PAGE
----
The Fed has lifted its interest rate nine times since the end of 2015 including on four occasions in 2018, while most other developed world central banks have either sat on their hands or cuts interest rates even further. The Bank of Canada, Bank of England and Norway's Norges Bank are the only exceptions.
"The pressure point of growth-negative news has switched from pressuring equity prices lower to lowering US rate expectations. As a result,negative news undermines the USD via rate expectations, while positive news revives the global reflation/growth resynchronisation story, which also weakens the USD," says Morgan Stanley's Redeker.
Above: Dollar Index at daily intervals alongside Euro-to-Dollar rate (orange line, left axis).
The Fed's rate hiking cycle had helped to lift the Dollar Index by some 4% in 2018, as it pushed the greenback higher against many of its most notable trade partners. But these gains are, for the time being at least, going into reverse. Pressure from President Donald Trump to cut rates may be part of what drove the Fed into its about-turn last week, but the bank had no shortage of other grounds to volt-face on its interest rate policy.
The core personal-consumption-expenditures price index, which is the Fed's preferred measure of U.S. inflation, has been below the 2% inflation target ever since December 2018 and was reported at just 1.6% in April. That's reason enough for the Fed to rethink its interest rate policy but its not the only reason, because the U.S. trade war with China escalated again in May.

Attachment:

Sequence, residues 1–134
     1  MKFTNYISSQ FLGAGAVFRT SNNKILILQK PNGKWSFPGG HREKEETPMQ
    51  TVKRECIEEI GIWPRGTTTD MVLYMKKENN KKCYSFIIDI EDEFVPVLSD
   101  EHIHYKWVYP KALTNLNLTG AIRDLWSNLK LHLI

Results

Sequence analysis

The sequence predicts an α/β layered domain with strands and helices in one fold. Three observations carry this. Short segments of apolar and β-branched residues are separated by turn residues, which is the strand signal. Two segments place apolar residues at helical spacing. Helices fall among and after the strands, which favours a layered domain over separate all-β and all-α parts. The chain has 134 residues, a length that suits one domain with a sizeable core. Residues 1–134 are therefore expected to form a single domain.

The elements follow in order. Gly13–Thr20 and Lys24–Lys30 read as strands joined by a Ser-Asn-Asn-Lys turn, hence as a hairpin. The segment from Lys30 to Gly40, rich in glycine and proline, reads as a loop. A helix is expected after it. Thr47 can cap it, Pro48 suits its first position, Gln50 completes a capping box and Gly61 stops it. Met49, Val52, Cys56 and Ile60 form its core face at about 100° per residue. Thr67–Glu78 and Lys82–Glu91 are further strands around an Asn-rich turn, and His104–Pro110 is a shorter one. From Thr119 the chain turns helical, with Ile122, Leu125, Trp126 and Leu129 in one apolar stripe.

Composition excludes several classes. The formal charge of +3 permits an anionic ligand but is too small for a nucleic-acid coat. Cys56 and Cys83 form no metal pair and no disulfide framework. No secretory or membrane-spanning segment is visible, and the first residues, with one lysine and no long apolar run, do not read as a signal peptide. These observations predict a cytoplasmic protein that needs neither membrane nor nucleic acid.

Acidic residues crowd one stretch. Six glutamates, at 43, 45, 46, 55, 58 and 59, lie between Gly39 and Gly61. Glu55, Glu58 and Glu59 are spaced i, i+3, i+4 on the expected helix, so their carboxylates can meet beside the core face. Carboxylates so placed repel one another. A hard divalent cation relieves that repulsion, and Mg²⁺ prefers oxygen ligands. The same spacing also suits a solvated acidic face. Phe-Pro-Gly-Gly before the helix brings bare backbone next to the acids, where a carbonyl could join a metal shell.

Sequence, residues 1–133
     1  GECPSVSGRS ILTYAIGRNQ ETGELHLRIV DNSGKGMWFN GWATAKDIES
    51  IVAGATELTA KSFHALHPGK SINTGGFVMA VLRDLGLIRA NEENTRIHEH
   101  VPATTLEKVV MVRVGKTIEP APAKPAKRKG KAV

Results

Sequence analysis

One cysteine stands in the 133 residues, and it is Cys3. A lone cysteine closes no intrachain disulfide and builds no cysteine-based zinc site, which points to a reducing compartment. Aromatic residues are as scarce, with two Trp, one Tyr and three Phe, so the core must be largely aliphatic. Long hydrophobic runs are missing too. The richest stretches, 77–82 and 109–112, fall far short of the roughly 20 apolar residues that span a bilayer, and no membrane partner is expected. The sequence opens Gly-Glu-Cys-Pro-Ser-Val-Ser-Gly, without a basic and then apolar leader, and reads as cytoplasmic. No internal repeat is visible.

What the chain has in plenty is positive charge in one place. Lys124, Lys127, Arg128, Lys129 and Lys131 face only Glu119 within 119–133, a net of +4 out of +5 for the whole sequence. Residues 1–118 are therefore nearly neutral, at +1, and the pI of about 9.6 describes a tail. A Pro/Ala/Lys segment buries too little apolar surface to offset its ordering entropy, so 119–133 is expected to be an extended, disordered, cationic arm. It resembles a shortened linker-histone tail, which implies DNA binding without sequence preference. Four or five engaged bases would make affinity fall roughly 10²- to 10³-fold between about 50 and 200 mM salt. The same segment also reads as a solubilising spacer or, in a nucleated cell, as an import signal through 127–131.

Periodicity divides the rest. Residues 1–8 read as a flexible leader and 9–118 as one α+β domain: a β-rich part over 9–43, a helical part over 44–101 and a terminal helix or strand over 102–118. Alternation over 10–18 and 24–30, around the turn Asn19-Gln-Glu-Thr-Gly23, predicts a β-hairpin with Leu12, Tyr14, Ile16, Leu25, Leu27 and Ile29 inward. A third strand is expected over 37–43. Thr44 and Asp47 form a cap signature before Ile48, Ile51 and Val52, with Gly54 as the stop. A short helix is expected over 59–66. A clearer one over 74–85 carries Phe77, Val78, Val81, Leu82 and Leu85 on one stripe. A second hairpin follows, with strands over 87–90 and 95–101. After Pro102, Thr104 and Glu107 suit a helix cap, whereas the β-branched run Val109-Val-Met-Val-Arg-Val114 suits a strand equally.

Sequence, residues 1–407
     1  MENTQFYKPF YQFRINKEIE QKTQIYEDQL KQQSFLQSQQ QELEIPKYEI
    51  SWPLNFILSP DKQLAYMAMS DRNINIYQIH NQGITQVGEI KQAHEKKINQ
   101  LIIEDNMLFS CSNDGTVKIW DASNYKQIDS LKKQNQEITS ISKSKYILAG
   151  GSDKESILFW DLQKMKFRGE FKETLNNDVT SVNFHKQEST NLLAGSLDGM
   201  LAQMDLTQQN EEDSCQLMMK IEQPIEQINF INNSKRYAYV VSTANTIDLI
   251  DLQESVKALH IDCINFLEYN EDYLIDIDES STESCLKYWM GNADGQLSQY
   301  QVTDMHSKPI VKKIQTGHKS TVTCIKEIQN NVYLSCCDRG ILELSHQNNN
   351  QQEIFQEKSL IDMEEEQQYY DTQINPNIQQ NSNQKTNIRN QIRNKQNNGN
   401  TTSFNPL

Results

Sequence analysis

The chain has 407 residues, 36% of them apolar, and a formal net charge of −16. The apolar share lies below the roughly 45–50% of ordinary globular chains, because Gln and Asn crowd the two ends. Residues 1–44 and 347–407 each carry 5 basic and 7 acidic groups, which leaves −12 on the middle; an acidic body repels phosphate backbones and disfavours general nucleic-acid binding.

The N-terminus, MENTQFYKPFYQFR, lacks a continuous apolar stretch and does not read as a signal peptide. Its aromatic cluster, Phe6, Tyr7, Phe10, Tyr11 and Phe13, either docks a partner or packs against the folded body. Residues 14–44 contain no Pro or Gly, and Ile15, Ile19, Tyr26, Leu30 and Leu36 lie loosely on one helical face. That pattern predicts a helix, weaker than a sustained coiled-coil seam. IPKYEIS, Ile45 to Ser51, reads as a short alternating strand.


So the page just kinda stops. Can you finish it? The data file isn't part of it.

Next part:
"Given our view that US-China trade tensions will likely escalate further post the G20 summit and 25% tariffs will be imposed on most, if not all, Chinese imports to the US, we expect USDCNY to break above 7.0 in 3Q this year. We estimate that the higher tariffs will drag down exports growth by 7-10.5%pts over the next 12 months and our economists have cut their 2020 China GDP growth forecast significantly to 5.5%," says Marvin Barth, head of FX strategy at Barclays.
Above: U.S. Dollar Vs Chinese Renminbi rate shown at daily intervals.
President Trump has been threatening to impose a 25% tariff on the remaining $300bn of China's annual exports to the U.S. if his counterpart does not agree to sign up to a deal that Chinese negotiators previously backed out of. He already lifted from 10% to 25% the tariff charged on $200 bn of China's exports back in May, after Chinese negotiators backed away from an agreement they'd spent some five months drafting with the U.S.
Both U.S. and Chinese leaders will meet at this week's G20 summit in Osaka, Japan, to discuss the latter's "unfair" trade policies but scepticism about the prospects of a lasting detente is high going into the event. But even if a suspension of the next round of tariffs is agreed this week, it won't change the fact that nearly half of China's exports to the U.S. will still be subject to some tariffs and the global economy will remain under pressure.
"We expect the Fed’s pre-emptive cuts to temporarily weigh on the USD, especially vs. G10 currencies, as the US rates advantage compresses amid an environment of slowing global growth. However, the Fed’s ability to support an extended US expansion stands in contrast to clear sustained slowing – and rising risks – in China and Europe, implying a USD rebound in 2020."